Queen Maeve of Temra wants to rule the land of her birth, the peaceful kingdom of Kells. She therefore calls upon the dark fairy Mider, who gives her the mystical Rune Stone that allows Maeve to use sorcery, most often to summon mystical, dangerous creatures like ogres and evil giants, whom she sends to destroy Kells. King Conchobar of Kells hears of Maeve's evil plan and seeks a way to protect his kingdom and peoples. Rohan, a druid's apprentice discovers an ancient scroll telling of a legendary warrior called Draganta who would save that kingdom. Because Rohan's birthmark matched a prominent sign on the scroll, the King sends Rohan on the quest to find Draganta, with his friend the reformed thief Angus.
The two are joined by the foreign Prince Ivar, and the king's daughter, Princess Deirdre, follows them. They are drawn to the realm of Tir Na Nóg, ruled by the fairy King, Fin Varra. Fin Varra puts the group through various tests to determine their worthiness, which they pass. King Fin Varra gives them another section of the ancient scroll, and mystical weapons which give control of the Classical Elements Fire, Air, Earth, and Water. The four young warriors battle the four Sentinels of Temra, who guard elemental armor, and defeat them, earning the title Mystic Knights (Rohan becomes the Mystic Knight of Fire, Angus Earth, Ivar Water, and Deirdre Air).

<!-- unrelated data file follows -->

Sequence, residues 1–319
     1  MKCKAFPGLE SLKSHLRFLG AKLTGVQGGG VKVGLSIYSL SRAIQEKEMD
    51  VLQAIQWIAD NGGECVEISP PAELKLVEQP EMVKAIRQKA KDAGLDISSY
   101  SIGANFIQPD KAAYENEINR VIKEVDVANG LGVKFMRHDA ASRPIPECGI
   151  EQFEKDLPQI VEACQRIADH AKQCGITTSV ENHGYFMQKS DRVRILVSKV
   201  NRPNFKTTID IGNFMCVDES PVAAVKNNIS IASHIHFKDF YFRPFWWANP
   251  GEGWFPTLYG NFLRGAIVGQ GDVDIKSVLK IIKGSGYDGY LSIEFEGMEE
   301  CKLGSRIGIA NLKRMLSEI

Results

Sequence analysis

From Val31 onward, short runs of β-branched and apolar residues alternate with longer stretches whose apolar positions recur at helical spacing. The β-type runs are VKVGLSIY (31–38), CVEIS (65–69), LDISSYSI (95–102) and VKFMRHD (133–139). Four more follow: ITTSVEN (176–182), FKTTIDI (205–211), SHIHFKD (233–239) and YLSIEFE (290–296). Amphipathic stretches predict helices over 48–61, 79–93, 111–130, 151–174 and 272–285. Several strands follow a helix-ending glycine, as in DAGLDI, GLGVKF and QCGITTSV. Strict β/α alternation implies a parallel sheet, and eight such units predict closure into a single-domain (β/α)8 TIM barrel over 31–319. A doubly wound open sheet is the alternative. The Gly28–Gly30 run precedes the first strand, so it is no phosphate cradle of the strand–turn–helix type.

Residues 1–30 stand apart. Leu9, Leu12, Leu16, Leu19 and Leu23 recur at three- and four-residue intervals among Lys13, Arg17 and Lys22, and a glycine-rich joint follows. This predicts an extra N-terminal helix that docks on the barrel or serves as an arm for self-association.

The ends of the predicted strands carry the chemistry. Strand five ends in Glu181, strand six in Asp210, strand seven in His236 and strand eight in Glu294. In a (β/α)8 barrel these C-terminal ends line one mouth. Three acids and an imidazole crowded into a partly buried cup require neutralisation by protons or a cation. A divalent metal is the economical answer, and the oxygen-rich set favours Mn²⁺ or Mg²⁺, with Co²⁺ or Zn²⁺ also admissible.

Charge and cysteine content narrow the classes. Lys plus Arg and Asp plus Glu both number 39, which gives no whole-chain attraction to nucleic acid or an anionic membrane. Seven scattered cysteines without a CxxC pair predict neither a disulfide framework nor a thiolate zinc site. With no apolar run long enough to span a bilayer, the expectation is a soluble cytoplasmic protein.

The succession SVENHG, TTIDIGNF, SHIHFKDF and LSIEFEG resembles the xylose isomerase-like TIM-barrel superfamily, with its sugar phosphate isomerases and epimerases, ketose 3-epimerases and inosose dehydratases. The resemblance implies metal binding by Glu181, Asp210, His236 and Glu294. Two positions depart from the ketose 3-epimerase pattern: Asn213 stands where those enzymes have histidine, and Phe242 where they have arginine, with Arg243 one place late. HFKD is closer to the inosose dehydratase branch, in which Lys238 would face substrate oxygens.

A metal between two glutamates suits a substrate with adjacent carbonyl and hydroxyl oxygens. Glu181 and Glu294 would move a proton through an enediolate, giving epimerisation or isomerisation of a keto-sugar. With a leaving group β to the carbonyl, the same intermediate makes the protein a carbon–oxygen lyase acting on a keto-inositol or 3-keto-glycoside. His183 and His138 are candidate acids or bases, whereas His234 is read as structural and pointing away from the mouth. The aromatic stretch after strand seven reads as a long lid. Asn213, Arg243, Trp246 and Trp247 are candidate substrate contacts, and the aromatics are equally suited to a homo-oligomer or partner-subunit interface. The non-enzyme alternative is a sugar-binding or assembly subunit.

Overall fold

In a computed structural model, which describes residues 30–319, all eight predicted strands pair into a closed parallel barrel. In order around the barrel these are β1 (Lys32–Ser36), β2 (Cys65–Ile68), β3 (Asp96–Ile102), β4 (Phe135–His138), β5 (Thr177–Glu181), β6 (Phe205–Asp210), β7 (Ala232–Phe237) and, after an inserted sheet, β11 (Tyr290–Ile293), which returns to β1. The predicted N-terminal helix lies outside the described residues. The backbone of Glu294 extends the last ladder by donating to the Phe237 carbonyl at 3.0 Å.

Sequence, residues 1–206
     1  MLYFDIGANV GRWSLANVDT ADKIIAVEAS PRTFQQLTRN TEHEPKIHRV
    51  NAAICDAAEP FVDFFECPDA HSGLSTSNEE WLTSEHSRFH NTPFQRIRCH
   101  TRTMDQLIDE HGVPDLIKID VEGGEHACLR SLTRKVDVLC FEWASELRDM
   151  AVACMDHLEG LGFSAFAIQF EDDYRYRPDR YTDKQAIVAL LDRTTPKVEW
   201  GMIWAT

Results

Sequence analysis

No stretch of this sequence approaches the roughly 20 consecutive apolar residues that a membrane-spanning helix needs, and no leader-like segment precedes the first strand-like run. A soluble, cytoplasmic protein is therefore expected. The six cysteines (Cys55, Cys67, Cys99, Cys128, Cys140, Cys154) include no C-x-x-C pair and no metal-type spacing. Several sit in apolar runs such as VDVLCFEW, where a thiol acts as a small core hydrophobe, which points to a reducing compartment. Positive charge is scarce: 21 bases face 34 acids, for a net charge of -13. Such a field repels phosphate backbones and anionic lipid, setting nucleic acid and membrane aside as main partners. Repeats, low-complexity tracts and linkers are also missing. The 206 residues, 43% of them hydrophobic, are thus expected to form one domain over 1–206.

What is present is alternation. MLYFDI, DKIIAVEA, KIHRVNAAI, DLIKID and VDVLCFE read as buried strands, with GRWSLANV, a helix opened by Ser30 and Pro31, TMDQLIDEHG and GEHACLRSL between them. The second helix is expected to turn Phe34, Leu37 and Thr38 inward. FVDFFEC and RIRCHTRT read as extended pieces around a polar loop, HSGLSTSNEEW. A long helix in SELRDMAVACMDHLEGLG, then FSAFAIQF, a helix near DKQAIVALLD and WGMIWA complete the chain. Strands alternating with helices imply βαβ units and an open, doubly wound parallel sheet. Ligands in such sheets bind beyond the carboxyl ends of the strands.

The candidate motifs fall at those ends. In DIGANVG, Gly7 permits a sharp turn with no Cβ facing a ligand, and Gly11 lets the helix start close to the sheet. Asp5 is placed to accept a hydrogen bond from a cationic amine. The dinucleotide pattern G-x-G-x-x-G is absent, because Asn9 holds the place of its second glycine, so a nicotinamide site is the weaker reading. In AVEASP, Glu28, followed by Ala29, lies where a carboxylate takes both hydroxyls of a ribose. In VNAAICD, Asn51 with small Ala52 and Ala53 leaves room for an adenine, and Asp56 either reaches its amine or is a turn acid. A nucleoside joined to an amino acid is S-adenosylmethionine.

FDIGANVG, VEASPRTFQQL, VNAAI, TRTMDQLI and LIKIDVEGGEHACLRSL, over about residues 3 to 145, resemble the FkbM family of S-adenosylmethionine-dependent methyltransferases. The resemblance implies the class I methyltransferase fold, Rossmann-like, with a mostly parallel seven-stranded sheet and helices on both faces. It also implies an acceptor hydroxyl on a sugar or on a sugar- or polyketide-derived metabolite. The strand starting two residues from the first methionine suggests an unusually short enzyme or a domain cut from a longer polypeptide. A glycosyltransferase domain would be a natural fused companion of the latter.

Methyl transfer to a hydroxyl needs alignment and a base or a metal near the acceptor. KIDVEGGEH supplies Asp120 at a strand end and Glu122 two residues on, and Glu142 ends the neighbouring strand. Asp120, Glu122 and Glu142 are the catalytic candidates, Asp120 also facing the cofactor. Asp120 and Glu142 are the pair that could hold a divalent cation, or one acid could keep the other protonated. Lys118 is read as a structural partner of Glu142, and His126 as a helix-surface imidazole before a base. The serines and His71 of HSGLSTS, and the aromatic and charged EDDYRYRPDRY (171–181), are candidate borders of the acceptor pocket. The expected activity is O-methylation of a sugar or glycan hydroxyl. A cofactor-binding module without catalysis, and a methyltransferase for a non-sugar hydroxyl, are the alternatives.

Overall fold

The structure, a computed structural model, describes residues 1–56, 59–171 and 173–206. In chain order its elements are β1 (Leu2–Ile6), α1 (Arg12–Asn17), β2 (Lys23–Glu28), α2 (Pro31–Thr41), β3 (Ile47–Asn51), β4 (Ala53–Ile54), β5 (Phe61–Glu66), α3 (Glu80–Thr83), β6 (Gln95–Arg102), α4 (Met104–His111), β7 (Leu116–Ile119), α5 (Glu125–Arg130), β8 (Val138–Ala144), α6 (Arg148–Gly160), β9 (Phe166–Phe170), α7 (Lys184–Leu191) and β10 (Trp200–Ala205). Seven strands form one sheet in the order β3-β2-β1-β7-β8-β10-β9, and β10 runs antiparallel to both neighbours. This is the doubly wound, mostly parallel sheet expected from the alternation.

Each Knight can call upon their mystical element for powers unique to it. Aideen, a small, winged fairy, continues to offer periodic assistance to the young heroes as they battle Queen Maeve. Eventually, Rohan manages to tame Pyre, the Dragon of Dare. This feat, and Pyre's later assistance as an oracle, reveals Rohan as the legendary hero Draganta. Later in the series, another Mystic Knight emerges; Garrett, the Mystic Knight of Forest. He begins as an adversary under the control of Queen Maeve, but frees himself from her influence, throwing his lot in with the Mystic Knights. Garrett and Rohan develop a rivalry for Princess Deirdre's affections.
Eventually Queen Maeve summons a new monster named Lugad who is more powerful than any previous creation. Lugad is revealed to have a birthmark similar to Rohan's, which is explained when it is revealed that Rohan and Lugad are in fact half-brothers, whose mother is Queen Maeve. In the series finale, they eventually work together with the other Mystic Knights to defeat Maeve, who ends up banished by Rohan, her own son.
Read more about this topic: The Mystic Knights Of Tir Na Nog
Famous quotes containing the word plot:
“Morality for the novelist is expressed not so much in the choice of subject matter as in the plot of the narrative, which is perhaps why in our morally bewildered time novelists have often been timid about plot.”
—Jane Rule (b. 1931)
“Trade and the streets ensnare us,
Our bodies are weak and worn;
We plot and corrupt each other,
And we despoil the unborn.”
—Ralph Waldo Emerson (18031882)
“We have defined a story as a narrative of events arranged in their time-sequence. A plot is also a narrative of events, the emphasis falling on causality. The king died and then the queen died is a story. The king died, and then the queen died of grief is a plot. The time sequence is preserved, but the sense of causality overshadows it.”
—E.M. (Edward Morgan)